On Thursday, Florida TaxWatch (FTW) released “Beyond the Pandemic: Long-Term Changes and Challenges for Postsecondary Training in Florida,” the fourth installment in the taxpayer research institute’s COVID-19 Legacy Series.
The report introduces the distinctly new workforce that is emerging from the pandemic and explains how postsecondary training and education, a proven driver of economic mobility, is also evolving in order to be responsive and adaptable to inevitable, sudden change.
Florida TaxWatch President and CEO Dominic Calabro weighed in on the new report.
“While more research will be necessary to better understand how COVID-19 has impacted postsecondary training and education, it’s abundantly clear that Florida industries and institutions need to rethink the services they offer and expand opportunities for upskilling and reskilling – which could be particularly advantageous for sectors currently in high demand, like manufacturing, consumer services, and health care. A holistic approach to preparing young people and older adults alike for an ever-evolving economy and a workforce full of disruptions and displacement will be key, and Florida colleges will be at the forefront of that effort,” Calabro said.
According to the analysis, the pandemic resulted in an overall decrease in postsecondary attendance on both the national and state levels as health concerns abounded. Florida’s two-year public colleges faced especially sharp declines as students from predominantly low-income, first-generation backgrounds and workers seeking more advanced training failed to justify the costs and complexities of participating in remote learning while also dealing with employment difficulties.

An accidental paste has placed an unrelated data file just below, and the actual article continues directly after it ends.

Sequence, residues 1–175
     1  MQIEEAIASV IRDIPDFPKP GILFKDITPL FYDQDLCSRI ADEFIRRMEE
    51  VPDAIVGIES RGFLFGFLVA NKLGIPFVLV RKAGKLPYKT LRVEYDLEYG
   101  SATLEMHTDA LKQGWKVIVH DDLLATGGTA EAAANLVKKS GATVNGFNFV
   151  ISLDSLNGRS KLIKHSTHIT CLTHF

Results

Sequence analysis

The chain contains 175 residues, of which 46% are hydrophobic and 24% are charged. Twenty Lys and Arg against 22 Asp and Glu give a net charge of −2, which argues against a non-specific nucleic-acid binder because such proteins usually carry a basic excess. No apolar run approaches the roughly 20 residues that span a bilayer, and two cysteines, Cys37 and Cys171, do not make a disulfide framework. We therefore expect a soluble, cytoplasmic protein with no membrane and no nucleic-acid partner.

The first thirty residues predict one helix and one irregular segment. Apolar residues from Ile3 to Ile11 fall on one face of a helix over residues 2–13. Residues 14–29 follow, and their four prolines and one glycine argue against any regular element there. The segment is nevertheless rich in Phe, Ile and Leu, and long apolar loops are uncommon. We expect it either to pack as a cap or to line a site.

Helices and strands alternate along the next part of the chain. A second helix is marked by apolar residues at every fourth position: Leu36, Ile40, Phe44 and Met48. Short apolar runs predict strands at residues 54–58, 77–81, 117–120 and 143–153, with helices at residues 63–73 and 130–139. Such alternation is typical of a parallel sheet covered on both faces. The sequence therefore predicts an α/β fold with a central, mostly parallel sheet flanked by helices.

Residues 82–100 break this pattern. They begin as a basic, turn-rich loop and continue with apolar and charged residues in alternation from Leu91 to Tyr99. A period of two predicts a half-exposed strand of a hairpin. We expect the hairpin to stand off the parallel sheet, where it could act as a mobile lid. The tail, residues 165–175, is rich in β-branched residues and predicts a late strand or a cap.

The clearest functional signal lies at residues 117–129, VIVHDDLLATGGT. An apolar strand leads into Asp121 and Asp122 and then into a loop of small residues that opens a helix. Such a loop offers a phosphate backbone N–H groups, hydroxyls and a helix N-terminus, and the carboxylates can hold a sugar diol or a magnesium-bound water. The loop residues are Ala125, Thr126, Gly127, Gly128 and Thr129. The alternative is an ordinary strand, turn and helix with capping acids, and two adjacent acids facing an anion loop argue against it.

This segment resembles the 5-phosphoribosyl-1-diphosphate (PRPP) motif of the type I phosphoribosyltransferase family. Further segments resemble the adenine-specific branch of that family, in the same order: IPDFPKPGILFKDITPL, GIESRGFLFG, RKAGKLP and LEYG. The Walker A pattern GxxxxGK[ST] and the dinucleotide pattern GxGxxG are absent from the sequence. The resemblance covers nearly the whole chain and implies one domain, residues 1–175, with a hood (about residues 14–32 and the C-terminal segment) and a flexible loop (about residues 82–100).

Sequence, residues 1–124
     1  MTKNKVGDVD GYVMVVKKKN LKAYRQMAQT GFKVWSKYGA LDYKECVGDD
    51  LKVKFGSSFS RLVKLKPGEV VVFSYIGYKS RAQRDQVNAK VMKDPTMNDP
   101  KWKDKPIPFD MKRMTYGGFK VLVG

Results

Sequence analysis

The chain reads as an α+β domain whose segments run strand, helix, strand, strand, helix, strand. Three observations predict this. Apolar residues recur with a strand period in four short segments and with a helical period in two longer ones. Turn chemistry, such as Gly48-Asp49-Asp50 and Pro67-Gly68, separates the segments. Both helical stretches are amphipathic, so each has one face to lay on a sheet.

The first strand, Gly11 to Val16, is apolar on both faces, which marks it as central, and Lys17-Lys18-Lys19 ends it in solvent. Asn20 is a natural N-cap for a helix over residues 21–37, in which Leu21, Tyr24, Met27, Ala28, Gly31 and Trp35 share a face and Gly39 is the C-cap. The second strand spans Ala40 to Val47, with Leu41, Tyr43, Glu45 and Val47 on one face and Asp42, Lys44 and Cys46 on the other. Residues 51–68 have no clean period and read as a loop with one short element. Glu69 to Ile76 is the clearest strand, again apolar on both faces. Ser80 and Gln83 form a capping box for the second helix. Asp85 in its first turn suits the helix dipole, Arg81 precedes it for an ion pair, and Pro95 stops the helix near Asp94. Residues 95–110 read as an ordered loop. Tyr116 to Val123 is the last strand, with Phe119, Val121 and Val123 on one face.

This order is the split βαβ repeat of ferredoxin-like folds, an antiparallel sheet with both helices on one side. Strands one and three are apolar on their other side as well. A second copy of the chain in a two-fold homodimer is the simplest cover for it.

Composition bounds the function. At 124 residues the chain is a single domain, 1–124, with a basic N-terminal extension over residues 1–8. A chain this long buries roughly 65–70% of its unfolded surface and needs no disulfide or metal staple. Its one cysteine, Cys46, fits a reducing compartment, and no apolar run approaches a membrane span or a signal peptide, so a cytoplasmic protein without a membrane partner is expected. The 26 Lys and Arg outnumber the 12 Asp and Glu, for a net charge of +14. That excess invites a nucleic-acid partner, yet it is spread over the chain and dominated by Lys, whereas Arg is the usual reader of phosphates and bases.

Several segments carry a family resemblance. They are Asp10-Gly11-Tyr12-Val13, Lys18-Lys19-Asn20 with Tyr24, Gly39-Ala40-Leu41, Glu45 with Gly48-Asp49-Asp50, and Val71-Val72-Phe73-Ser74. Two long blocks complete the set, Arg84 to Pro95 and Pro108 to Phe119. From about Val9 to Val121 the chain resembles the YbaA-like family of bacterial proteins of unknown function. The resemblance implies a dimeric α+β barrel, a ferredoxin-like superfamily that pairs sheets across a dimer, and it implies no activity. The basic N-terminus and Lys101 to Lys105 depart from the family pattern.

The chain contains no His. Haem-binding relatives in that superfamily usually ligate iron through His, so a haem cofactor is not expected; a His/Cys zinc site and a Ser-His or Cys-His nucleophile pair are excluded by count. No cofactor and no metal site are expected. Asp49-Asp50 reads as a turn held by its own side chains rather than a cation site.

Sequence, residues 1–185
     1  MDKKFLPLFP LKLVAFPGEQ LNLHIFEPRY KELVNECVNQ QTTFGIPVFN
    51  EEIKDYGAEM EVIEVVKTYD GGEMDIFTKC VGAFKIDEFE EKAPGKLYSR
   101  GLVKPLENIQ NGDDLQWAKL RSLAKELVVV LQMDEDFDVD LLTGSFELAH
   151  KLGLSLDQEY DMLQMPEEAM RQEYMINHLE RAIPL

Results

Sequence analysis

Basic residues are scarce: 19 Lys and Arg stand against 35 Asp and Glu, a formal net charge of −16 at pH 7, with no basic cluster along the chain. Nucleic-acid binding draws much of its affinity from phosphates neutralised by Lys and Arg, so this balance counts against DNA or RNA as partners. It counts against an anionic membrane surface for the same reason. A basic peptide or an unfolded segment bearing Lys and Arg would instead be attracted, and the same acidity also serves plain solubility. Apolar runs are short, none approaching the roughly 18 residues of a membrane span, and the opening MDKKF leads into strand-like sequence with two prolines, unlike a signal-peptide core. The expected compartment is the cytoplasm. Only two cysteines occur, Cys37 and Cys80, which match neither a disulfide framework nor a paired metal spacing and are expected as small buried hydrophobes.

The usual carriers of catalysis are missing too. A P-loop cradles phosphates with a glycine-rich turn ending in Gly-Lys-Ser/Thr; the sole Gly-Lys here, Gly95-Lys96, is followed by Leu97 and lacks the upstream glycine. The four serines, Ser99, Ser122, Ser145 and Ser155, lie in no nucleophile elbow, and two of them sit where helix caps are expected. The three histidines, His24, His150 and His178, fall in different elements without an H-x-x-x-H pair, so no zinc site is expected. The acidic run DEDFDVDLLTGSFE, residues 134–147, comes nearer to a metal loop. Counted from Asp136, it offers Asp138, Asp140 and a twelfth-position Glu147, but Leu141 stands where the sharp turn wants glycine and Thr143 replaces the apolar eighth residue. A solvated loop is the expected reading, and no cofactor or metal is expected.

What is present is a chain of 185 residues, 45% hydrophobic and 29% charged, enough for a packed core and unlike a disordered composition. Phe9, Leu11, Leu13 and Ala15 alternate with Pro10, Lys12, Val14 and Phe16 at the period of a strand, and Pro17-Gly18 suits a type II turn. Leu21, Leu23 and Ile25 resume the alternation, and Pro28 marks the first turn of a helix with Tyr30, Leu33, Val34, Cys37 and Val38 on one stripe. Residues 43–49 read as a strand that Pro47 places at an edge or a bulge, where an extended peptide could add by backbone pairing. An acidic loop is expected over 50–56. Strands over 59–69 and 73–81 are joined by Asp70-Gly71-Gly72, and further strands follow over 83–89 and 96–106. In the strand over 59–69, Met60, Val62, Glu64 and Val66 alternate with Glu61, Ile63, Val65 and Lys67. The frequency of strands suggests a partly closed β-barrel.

Additionally, the report notes that this trend has several long-term ramifications for the state, as foregone learning reduces the likelihood of future educational attainment and lowers lifetime earning potential. Some studies , such as one from the Federal Reserve Bank of New York, even estimate that delaying college just one year because of COVID-19 may result in potential loss of $90,000 in lifetime earnings.
Though more subtle, the analysis states that another implication will be an increased demand for alternative or supplemental methods to complete postsecondary training, proposing upskilling, or enhancing existing skill sets with additional skills, and reskilling, learning a completely new skill set for a new role, as expedient and economically beneficial solutions. In fact, the World Economic Forum, in collaboration with PricewaterhouseCoopers, recently found that upskilling may boost U.S. Gross Domestic Product (GDP) by 3.7 percent by 2030.
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